Topic 2: Micro-evolution

Topic 2: Micro-evolution

Ancient DNA sequencing offers a unique opportunity to retrieve genetic information from past individuals. Besides solving phylogenetic questions regarding evolution, admixture, hybridization events, relationships between species or populations, domestication and improvement processes, aDNA can provide new possibilities for addressing a number of issues related to plant adaptation and diversification. There is much to learn from the aDNA of early crops and their propagation and local adaptation outside of their native domestication area. In particular, the possibility to obtain reliable estimates of the allelic trajectory at virtually any genomic locus during the major climate transitions that have occurred in the past opens an avenue towards the identification of the genetic variants that underlie adaptation to novel environmental conditions. They could represent priority targets for breeders and/or top-candidates for reintroduction into modern germplasms.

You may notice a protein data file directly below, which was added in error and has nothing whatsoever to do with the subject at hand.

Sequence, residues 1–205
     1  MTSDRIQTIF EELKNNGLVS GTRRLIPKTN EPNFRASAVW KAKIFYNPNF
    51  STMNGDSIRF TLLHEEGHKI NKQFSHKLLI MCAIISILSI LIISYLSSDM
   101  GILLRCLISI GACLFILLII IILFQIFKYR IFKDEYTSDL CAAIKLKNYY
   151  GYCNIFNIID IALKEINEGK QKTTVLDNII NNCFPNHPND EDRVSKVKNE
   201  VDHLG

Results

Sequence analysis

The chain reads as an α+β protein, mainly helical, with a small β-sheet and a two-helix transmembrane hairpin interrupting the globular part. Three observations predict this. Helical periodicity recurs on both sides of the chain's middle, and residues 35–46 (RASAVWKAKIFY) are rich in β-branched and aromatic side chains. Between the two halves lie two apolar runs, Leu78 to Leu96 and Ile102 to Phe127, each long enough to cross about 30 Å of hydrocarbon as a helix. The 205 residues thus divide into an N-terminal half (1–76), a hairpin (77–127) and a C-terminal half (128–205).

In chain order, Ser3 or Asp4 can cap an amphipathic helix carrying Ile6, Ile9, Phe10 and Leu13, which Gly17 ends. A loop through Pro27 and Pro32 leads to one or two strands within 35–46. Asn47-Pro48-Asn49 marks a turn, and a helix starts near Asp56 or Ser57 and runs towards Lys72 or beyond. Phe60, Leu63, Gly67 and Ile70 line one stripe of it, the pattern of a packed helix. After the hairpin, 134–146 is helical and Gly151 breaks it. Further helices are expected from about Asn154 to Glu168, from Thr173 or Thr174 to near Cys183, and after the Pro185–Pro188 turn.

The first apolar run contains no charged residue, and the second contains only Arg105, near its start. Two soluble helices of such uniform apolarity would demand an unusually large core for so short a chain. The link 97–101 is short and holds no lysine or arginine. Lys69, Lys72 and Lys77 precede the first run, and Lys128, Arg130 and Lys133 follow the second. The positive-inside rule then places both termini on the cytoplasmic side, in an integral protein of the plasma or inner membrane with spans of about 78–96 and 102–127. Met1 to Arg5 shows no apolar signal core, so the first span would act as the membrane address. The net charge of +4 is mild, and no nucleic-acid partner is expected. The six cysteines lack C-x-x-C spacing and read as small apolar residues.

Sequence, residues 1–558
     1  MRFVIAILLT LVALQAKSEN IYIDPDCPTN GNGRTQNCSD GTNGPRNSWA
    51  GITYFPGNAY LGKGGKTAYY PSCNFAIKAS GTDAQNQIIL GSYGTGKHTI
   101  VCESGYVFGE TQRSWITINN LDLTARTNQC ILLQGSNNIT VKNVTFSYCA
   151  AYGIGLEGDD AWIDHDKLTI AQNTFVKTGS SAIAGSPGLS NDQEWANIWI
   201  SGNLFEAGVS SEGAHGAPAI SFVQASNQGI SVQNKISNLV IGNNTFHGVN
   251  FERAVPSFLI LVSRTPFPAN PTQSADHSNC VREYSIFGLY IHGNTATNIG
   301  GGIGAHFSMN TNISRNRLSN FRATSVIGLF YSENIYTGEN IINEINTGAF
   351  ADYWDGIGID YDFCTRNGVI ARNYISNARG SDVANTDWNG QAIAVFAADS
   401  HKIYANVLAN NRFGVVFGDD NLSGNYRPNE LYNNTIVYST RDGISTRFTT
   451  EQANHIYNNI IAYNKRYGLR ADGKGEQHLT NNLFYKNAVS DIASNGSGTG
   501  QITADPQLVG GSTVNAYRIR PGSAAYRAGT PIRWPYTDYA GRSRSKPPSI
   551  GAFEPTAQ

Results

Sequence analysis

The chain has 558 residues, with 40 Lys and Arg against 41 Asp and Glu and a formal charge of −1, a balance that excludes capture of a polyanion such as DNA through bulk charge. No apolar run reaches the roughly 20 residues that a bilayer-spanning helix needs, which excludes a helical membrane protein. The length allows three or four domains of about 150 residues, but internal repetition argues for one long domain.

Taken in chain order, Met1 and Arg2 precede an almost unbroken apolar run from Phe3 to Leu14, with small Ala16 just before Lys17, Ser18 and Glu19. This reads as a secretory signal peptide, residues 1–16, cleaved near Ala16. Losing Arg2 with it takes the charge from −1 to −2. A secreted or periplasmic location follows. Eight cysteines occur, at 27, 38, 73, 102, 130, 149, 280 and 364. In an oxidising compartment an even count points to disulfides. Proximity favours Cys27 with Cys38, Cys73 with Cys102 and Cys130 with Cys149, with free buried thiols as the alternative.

Scientific insights gained from plant aDNA, as exemplified by wheat. The geological periods are indicated at the top (orange arrow) above the associated temperature profiles (blue curve) and key climatic changes. The known historical routes of wheat migration from the site of origin (Fertile Crescent) are indicated by green arrows: westwards via an inland route (through the Balkans to Central Europe) or along a coastal path (via Anatolia to the Mahgreb and Iberian peninsula); or eastwards via routes to the north and along the Inner Asian Mountain Corridor. Major migration phases are shown in different colors on the time scale. Diploid, tetraploid and hexaploid wheats are depicted as colored circles (green, red and blue colors) with mixed colors reflecting hybridization events. Wheat aDNA offers the opportunity to investigate the impact of migration, translocation, extinction and hybridization events in shaping the modern genetic diversity and in driving adaptation to environmental constraints (temperature variation) over 10,000 years of domestication and cultivation.

Main reference from the group:
Pont C, Wagner S, Kremer A, Orlando L, Plomion C, Salse J (2019b) Paleogenomics: reconstruction of plant evolutionary trajectories using modern and ancient DNA. Genome Biol.

Modification date: 27 June 2023 | Publication date: 12 March 2019 | By: Cécile Huneau